What the future holds for RFID

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SETIsLady
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What the future holds for RFID

Post by SETIsLady » 02-25-2006 07:28 AM

DoD Plans To Deploy RFID In Operations With 24 Nations

The Department of Defense said Thursday it intends to move forward on plans to use active radio frequency identification (RFID) technology to support collaborative military coalition operations with 24 countries. The partner list was made final late last month.

The group, including Japan, South Korea, Australia, Switzerland and North Atlantic Trade Organization (NATO) country members will use consistent standards to share information based on International Organization for Standards (ISO) data formats.

Final details are being hashed out and closely defined among the group, but at the AIM Global conference in Newport Beach, Calif., Dan Kimball, lead technical advisor for the Department of Defense Logistics AIT Office, said the government agency has received letters of intent from the 24 nations that intend to participate.

The goal to share information and create interoperability between nations hasn't been an easy task. "Herding kittens is sometimes easier than getting something like this done," Kimball said. "Clearly the most difficult problem we have is language."

The tag data routing code stored at the beginning of the active RFID tag, which requires a power source to transmit the data signal, will identify the country of origin. Coalition members have agreed to transmit securely via the Web the tag number and when and where it was read. Kimball said unless someone has access to the host nation's database that connects the tag number with the manifest.

While the Department of Defense embeds the entire manifest on the tag, the NATO countries do not. Kimball said each country participant will control the amount of information on the tag.
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Pentagon nearly doubles RFID budget

Post by SETIsLady » 02-25-2006 07:30 AM

Pentagon nearly doubles RFID budget

WASHINGTON, Feb. 13 (UPI) -- The Pentagon is nearly doubling the amount of money it is spending on radio frequency identification technology to track shipments of supplies to Iraq.

A statement Monday from Savi Technology said that the Department of Defense had increased the value of its contract with the firm by over $200 million to $424.5 million and extended its duration by two years to Jan.1, 2008.

In a statement, the U.S. Army's Information Technology, E-Commerce and Commercial Contracting Center said: "The extension of the ordering period and raising of the contract ceiling is necessary in order to continue to provide active (radio frequency identification) tags and associated supplies and services for shipments of materiel to the Middle East in support of Operation Iraqi Freedom."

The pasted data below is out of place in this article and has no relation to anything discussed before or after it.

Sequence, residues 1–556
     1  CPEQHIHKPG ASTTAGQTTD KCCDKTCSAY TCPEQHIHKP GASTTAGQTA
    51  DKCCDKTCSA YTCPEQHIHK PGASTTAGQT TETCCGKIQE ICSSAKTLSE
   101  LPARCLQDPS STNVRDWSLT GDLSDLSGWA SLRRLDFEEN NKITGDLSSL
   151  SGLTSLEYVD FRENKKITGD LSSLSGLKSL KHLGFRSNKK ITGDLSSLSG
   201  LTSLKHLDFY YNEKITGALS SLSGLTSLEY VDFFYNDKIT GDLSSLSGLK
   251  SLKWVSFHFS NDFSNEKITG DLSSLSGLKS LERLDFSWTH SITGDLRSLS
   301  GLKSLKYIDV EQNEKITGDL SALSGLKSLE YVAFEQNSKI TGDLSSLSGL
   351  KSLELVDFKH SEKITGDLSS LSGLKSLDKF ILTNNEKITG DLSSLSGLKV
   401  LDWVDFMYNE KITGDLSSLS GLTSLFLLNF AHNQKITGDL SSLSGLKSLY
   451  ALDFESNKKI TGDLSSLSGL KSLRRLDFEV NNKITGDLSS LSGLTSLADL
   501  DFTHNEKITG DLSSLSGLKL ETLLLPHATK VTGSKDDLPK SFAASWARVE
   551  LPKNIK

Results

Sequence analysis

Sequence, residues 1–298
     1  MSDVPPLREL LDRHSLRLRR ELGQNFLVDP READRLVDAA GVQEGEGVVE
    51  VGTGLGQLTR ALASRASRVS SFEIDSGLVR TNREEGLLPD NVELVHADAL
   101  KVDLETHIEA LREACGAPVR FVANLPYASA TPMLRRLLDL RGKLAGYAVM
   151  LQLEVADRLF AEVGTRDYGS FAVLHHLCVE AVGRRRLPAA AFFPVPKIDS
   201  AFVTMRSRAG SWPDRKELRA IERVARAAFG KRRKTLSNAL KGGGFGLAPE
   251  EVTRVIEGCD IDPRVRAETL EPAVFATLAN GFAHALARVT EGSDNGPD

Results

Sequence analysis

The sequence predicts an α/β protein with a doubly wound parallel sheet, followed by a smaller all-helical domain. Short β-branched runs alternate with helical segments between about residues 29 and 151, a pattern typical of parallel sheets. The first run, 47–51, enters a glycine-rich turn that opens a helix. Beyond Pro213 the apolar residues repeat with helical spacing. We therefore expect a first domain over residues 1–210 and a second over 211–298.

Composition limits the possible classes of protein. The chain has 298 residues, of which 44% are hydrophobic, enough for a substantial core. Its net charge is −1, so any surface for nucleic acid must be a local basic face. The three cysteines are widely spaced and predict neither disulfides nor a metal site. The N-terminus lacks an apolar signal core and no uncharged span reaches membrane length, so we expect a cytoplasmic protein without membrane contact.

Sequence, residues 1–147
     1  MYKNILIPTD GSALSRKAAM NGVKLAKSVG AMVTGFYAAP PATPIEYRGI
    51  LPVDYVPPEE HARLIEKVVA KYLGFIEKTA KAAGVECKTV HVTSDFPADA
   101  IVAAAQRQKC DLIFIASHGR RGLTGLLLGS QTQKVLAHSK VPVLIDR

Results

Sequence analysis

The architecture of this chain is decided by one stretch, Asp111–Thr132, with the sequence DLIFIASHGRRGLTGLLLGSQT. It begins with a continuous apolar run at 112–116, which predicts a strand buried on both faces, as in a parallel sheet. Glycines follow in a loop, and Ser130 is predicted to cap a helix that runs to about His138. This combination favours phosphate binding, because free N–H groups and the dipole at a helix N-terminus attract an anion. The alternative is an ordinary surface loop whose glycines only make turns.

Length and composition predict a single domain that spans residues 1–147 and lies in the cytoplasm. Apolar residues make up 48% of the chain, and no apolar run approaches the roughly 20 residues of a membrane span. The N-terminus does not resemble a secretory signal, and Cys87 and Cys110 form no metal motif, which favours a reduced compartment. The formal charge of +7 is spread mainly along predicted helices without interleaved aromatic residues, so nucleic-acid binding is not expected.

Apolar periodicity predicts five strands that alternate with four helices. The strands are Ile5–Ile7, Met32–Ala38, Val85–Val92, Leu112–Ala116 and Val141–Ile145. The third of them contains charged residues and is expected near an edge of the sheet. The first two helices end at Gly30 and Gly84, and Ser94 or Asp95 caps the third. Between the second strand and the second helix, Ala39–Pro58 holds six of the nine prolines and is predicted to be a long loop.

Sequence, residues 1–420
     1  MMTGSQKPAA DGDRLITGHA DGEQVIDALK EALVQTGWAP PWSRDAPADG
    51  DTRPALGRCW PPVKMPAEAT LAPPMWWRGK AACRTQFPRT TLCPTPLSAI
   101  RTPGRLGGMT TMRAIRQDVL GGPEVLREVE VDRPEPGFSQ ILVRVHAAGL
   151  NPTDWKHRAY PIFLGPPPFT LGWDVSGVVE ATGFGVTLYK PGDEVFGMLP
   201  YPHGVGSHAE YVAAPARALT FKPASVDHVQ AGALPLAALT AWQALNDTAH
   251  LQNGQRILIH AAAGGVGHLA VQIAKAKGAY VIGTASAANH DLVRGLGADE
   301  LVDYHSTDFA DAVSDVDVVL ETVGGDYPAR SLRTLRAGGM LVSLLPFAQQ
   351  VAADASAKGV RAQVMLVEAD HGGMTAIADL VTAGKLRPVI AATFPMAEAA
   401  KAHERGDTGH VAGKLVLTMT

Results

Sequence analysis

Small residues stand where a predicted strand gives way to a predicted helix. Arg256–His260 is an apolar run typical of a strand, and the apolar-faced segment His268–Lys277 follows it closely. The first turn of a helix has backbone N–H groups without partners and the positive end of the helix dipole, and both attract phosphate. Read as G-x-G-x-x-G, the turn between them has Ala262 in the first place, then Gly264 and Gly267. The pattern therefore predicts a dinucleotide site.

Radio frequency identification, or RFID, technology consists of tags that emit and recieve tiny radio signals. Attached to containers or even individual supply items, the tags can be detected and interpreted by special readers and their signals fed into software programs that track, manage and secure the military's supply chains and the materiel they contain.

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Citizens Becomes Latest Bank to Offer PayPass Debit

Post by SETIsLady » 02-25-2006 07:38 AM

Citizens Financial Group, the eighth-largest commercial bank holding company in the United States, says it is issuing its Citizens Bank and Charter One Bank customers with MasterCard debit cards containing PayPass RFID payment functionality. PayPass enables cardholders to use an RFID tag embedded in the card to make transactions at the 25,000 U.S. merchant locations that accept PayPass.

These include McDonald's, CVS, Duane Reade, 7-Eleven, Regal Cinemas and Wawa. Citizens Bank Park in Philadelphia has also installed PayPass-enabled card readers at all of its concessions. Citizens Financial Group operates branches in 13 states, including Connecticut, Delaware, Illinois, Indiana, Massachusetts, Michigan, New Hampshire, New Jersey, New York, Ohio, Pennsylvania, Vermont and Rhode Island. This month, reissued cards being sent to existing Citizens Bank and Charter One Bank customers will include the PayPass feature.

In March, Citizens and Charter One will begin replacing all other existing customers' debit cards with PayPass-enabled versions. Tests have shown that RFID-enabled payments are completed more quickly than other forms, including cards with a magnetic stripe. PayPass transactions under $25 do not require a signature. Citibank, HSBC Bank and Key Bank are also issuing PayPass-enabled debit cards.

http://www.rfidjournal.com/article/arti ... /2168/1/1/

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Department of Homeland Security and RFID - Best Buddies

Post by SETIsLady » 02-26-2006 08:57 AM